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Fair vs Fare


Fair vs Fare. They all agreed that the new subway fare was a fair fee. Be fair to yourself and your writing by using ErrNET proofreading technology!

Fair as an adjective is in accordance with the rules or standards; legitimate; (of hair or complexion) light; blond.
Fair as an adverb is without cheating or trying to achieve unjust advantage.

Fare as a noun is the money a passenger on public transportation has to pay; a range of food, especially of a particular type.
Fare as verb is to perform in a specified way in a particular situation or over a particular period.

Fair and fare have identical pronunciations and are commonly misused in English writing. Be fair to yourself and your writing by using ErrNET copyediting technology to check all of your work. You will fare well!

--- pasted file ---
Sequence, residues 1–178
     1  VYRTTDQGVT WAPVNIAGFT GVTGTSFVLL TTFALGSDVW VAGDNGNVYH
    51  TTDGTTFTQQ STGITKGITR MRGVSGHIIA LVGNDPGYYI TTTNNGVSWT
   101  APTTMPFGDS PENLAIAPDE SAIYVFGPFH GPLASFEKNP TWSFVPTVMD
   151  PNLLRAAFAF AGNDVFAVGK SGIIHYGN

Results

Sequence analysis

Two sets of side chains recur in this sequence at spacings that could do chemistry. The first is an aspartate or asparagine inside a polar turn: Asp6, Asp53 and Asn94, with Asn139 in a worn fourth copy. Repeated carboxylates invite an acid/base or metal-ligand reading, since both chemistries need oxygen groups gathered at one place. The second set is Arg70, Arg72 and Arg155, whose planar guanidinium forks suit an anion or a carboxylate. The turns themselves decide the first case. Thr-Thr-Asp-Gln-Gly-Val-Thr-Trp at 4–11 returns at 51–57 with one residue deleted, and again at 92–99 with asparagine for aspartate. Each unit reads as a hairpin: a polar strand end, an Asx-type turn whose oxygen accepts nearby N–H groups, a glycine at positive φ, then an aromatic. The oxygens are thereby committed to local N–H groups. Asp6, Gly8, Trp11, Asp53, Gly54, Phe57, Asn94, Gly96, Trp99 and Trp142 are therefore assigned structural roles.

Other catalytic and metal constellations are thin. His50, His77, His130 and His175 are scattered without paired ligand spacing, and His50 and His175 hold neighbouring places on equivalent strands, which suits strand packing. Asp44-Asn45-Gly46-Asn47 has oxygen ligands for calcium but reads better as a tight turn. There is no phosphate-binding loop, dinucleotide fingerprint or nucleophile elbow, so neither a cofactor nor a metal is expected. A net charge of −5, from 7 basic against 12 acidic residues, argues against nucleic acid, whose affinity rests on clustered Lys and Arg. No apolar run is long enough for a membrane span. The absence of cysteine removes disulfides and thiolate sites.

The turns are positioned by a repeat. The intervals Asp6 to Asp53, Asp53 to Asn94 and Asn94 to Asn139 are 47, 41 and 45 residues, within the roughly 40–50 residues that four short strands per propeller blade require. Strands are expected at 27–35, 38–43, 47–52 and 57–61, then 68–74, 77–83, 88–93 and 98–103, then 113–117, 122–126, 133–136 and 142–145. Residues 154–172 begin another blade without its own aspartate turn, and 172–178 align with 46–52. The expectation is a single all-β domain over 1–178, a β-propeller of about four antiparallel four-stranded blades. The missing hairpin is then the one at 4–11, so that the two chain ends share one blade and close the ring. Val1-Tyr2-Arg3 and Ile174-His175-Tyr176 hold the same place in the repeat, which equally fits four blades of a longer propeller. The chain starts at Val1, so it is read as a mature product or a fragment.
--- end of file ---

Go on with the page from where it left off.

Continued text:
Fair sentence examples:

The court ruling was overturned because it was determined that the defendant did not receive a fair trial.

The election committee does everything in its power to make sure all elections are fair.

Legal systems are not perfect and sometimes are not fair.

I refuse to play you because you do not play fair.

His fair skin would not allow him to stay out in the sun for very long because he burns easily.

One should always be fair to oneself.

Fare sentence examples:

Bus fare just went up two dollars, which the largest increase in history and an indication of the rising gasoline prices.

Subway tickets are usually valid for one direction only, and require a new fare for the return trip.

The live entertainment, international fare, and dancing were all fantastic at the event last night.

Unless you lose five pounds of fat quickly, you will not fare well in the body building competition.

It was announced today that the town trolley, which has been free for years, is now going to start charging a fare.


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